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Date: Mon, 14 Jan 2013 18:05:55 -0500
From: Rich Felker <>
Subject: Re: malloc(0) behaviour

On Mon, Jan 14, 2013 at 05:22:16PM -0500, Strake wrote:
> On 14/01/2013, Rich Felker <> wrote:
> > Yes, there are many good reasons. The most obvious (but stupid) one is
> > that a huge number of programs will "replace" malloc with one where
> > malloc(0) returns something other than a null pointer if the system's
> > malloc(0) returns null, and this adds both bloat and risk of
> > bugs/breakage from the replacement. But there are other much more
> > fundamental reasons too. Basically they all come down to interactions
> > between the requirements of malloc and realloc, and the fact that
> > returning a null pointer from realloc means failure (and thus that the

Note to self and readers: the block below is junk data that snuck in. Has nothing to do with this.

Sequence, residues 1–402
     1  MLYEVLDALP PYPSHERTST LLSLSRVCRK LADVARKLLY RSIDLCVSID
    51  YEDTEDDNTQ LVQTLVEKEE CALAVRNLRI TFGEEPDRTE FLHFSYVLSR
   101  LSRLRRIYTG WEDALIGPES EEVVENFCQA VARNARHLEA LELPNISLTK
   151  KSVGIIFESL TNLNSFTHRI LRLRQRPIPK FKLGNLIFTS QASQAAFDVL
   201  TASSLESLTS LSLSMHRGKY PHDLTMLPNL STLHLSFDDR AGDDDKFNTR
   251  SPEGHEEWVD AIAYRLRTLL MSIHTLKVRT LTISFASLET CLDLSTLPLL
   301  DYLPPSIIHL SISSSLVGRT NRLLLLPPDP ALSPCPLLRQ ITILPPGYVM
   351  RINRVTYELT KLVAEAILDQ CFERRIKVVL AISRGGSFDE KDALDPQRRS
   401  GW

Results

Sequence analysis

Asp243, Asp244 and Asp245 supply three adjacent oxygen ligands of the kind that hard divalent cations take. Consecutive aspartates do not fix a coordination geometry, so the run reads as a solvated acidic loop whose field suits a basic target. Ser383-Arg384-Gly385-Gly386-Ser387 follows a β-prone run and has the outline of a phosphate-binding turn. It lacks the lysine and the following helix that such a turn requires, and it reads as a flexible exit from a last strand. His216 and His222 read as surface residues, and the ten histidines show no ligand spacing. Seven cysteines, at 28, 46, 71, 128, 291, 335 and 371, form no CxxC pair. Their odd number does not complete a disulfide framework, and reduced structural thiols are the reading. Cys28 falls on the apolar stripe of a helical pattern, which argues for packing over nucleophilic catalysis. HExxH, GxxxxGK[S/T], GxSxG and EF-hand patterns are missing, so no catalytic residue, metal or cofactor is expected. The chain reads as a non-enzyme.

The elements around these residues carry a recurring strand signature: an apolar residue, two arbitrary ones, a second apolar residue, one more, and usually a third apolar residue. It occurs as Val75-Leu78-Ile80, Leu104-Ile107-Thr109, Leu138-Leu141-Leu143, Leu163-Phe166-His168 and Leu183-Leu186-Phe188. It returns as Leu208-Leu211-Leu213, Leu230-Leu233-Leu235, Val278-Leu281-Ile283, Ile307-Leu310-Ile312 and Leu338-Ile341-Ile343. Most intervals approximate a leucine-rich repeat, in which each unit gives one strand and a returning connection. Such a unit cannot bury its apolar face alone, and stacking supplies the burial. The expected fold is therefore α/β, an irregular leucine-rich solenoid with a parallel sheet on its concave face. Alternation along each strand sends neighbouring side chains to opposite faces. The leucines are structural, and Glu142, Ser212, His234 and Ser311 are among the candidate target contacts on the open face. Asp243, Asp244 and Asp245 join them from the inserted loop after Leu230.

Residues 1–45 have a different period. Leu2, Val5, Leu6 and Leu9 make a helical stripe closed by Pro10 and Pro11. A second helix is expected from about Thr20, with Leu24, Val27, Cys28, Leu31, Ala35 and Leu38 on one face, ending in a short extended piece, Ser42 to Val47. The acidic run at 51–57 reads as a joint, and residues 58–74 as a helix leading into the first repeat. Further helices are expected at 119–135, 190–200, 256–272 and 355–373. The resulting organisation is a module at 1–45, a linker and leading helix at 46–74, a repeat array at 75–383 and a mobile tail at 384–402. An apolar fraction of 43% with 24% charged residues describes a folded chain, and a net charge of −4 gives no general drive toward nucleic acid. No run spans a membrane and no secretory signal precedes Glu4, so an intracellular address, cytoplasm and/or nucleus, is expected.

> > original object was not freed).
> Another: Null means allocation failure. As malloc ought to never fail
> to find zero bytes free, it thus makes sense to return a non-null
> pointer.

Yes. In any case, I don't see why a correct program would care what
malloc(0) returns, since passing 0 to malloc just makes it harder to
write a correct program. Normally after calling malloc, you check the
return value, and handle it as an error if the return value is a null
pointer. But if your program might pass 0 to malloc, you have to also
consider the possibility that the null pointer was returned not as an
error but as the "success" result for malloc(0). This greatly
complicates your error handling; now you have to either clear errno
first and check whether it's set after the call to malloc to determine
whether allocation failed, or check for size==0 in the failure case
and treat that specially as a sort of success.

Things get even worse if you use realloc(p,0), especially if you want
to support non-conforming implementations like glibc...


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